Texas A&M Tweets Then Deletes Video 'Flight Of The Great Pumpkin' Halloween Tradition That Is Definitely Not Cult-Like At All

With the end of October comes Halloween, and with Halloween comes Texas A&M's 'Flight of the Great Pumkin' tradition. It is definitely not cult-like at all.

However, it appears as though the university is either embarrassed by the tradition or unwilling to deal with the backlash. Video of this year's event was tweeted out by Texas A&M's Commandant on late Friday night.

It was deleted by early Saturday morning.

If Texas A&M's 'Flight of the Great Pumpkin' is a storied and honored tradition at the university, then why was the Commandant so quick to delete its tweet over the weekend?

What is Texas A&M's 'Flight of the Great Pumpkin' tradition?

Texas A&M was established as a military institution in 1876 and as only a military institution. Because of its roots, the Corps of Cadets has played an important part in the university’s history, even as it expands well past the days of its founding.

While membership in the Corps used to be mandatory, participation became voluntary in 1965. It remains a large part of the student population and, even today, the cadets form the largest uniformed body of students outside of the U.S. military academies with over 2,500 participants.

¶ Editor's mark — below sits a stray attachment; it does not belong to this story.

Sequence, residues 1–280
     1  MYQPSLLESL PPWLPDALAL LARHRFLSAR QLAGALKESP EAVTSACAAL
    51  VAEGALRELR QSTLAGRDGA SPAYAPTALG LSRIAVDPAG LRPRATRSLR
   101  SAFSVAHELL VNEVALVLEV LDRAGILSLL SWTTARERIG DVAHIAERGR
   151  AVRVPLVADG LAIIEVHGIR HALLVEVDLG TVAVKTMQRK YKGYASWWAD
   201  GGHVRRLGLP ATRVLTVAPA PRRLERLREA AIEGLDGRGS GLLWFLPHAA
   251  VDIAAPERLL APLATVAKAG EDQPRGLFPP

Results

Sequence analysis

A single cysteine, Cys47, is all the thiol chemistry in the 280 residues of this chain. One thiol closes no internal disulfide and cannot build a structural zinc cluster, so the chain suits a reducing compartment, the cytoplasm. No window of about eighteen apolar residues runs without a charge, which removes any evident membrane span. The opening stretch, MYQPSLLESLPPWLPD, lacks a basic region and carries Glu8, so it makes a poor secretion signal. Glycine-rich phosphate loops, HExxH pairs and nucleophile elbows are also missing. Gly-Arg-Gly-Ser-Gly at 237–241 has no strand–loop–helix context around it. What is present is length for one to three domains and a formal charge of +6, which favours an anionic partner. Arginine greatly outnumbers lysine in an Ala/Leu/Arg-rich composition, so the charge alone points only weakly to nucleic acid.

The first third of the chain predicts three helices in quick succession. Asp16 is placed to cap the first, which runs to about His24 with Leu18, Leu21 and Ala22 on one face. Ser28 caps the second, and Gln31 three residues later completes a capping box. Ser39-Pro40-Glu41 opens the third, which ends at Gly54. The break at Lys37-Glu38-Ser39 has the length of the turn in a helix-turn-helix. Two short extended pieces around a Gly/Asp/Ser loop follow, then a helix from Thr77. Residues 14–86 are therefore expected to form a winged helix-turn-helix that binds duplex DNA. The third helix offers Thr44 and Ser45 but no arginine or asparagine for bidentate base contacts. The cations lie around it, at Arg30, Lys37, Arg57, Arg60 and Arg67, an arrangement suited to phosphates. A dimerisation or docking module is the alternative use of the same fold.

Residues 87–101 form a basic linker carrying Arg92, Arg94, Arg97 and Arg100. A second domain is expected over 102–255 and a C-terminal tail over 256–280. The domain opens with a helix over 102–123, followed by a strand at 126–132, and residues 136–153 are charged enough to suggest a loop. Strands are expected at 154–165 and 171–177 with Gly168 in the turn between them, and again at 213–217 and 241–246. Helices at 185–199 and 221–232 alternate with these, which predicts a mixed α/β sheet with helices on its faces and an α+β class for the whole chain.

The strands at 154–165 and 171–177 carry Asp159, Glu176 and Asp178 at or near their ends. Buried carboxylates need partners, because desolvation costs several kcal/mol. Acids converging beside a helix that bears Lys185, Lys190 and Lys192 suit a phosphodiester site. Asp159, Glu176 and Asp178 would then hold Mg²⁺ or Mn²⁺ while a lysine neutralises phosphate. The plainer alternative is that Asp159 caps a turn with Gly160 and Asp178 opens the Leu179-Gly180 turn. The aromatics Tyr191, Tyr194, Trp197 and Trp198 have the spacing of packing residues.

Known as Company C-2, the Corps has many storied traditions. One of them took place on Friday.

Every October, prior to Halloween, Company C-2 takes part in the 'Flight of the Great Pumpkin.' This year's event took place on Friday and the Commandant's since-deleted video gives a great look at what it is all about.

The story of 'Flight' started in 1963. It stems from upperclassmen cadets looking for something to at expense of the "fish."

"Fish" are the freshman cadets.

Each fall, Company C-2 held an apple-bobbing contest amongst the fish. The fish who were not able to get an apple were punished. They were wrapped in a white sheet, had pumpkins placed on their heads and were forced to run through a gauntlet of upperclassmen who held flaming brooms.

The 'Flight of the Great Pumpkin' was born.

Since its inception in the early '60s, the Halloween tradition has seen a lot of change. At one point, the Flight became a competition between Company C-2 and the Fightin' Texas A&M Aggie Band.

Freshmen would run around inside the band dorm with pumpkins on their heads. Upperclassmen would try to smash the pumpkins off of the freshmen's heads with axe handles.


As could perhaps have been foreseen, the Flight eventually escalated to a full-blown brawl between Company C-2 and the Aggie Band. That resulted in a period of hiatus before the Flight returned in its current form.

Today, the Flight is just for show.

C-2 marches with pumpkins and torches, leading one 'Great Pumpkin' through the quad. The Great Pumpkin, referencing the original tradition, is wrapped in a white cloth. At the end of the processional, all of the pumpkins are smashed on the ground.

After going awhile without the Aggie Band, it was reintroduced in 2015 and plays haunting music while the C-2 does its thing. It is a university-condoned event.

Here is what it looked like in 1989:

And here is a great look at the Flight in 2019:

It is definitely not cult-like at all.